Women who believe that their gender and professional identities are compatible are more likely to be successful in negotiations and other professional pursuits than women who are unable to ‘integrate’ their multiple identities.
Why are some women negotiators better than others? The answer may lie in whether or not women believe that their gender and professional identities are compatible or not. Women who believe their gender and professional roles are compatible — women who are in the social science terminology “high on gender/professional identity integration,” or GPII, are much more successful in competitive negotiation situations. Identity integration also leads to better economic performance, without incurring a backlash. One recent study showed that women high on identity integration were able to negotiate higher salaries for themselves without incurring social backlash. GPII also reduces an individual’s concern with a social backlash — that is, their fears of harming relationships.
The success of high GPII women can be tied to the fact that they displayed behaviours associated with both the female gender (warmth) and their professional identity (dominance). Controlled experiments in which identity integration was manipulated revealed that high identity integration sparks women to attempt to combine warmth with dominance; low identity integration reduces their desire to do so. This combination is important as dominance has been shown to be more important to professional success, while warmth is more important to women’s social success— because it can offset the social damage that can be caused by dominance.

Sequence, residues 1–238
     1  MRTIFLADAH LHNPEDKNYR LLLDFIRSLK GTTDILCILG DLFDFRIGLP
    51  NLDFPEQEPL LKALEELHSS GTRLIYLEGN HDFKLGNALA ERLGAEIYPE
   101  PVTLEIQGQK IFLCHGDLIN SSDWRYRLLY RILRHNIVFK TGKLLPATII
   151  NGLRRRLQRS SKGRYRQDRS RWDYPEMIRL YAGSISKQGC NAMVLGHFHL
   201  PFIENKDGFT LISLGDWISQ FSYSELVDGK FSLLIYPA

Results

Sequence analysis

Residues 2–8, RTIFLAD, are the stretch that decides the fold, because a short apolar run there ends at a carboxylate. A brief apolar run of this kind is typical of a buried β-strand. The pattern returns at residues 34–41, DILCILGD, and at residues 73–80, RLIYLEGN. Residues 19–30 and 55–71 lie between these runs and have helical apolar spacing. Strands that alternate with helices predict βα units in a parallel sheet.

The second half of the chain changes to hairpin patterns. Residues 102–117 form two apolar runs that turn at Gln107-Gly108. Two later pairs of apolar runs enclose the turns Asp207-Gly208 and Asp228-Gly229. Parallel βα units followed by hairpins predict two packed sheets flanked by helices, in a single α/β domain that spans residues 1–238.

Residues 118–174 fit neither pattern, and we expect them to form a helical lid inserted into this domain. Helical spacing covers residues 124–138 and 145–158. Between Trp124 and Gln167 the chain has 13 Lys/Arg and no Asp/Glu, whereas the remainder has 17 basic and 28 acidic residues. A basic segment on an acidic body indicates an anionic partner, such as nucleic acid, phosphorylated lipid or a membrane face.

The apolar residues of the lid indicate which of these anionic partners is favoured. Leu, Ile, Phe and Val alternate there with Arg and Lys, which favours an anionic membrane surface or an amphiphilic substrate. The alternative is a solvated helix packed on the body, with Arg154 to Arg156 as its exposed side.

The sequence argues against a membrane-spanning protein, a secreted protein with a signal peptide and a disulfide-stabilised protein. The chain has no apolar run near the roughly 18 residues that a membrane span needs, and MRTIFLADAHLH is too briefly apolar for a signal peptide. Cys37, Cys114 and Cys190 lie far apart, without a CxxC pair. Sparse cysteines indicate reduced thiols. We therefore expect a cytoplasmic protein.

In order to be successful, women must manage their multiple social identities. Past research demonstrated, for example, that female engineers who believed in the compatibility of their different identities performed better than those who didn’t. The reason, according to the latest research, is that identity integration inspires women to use elements from both of their identities in the professional behaviour and in setting their goals. In negotiation, this successful blend of gender- and professional-inspired behaviour is summarized in the phrase ‘iron fist in a velvet glove’. Engaging in negotiations with an arsenal of both dominance and warmth has proven to be a successful strategy.
Ideas for Leaders is a free-to-access site. If you enjoy our content and find it valuable, please consider subscribing to our Developing Leaders Quarterly publication, this presents academic, business and consultant perspectives on leadership issues in a beautifully produced, small volume delivered to your desk four times a year.
For the less than the price of a coffee a week you can read over 650 summaries of research that cost universities over $1 billion to produce.
Use our Ideas to:
Speak to us on how else you can leverage this content to benefit your organization. email@example.com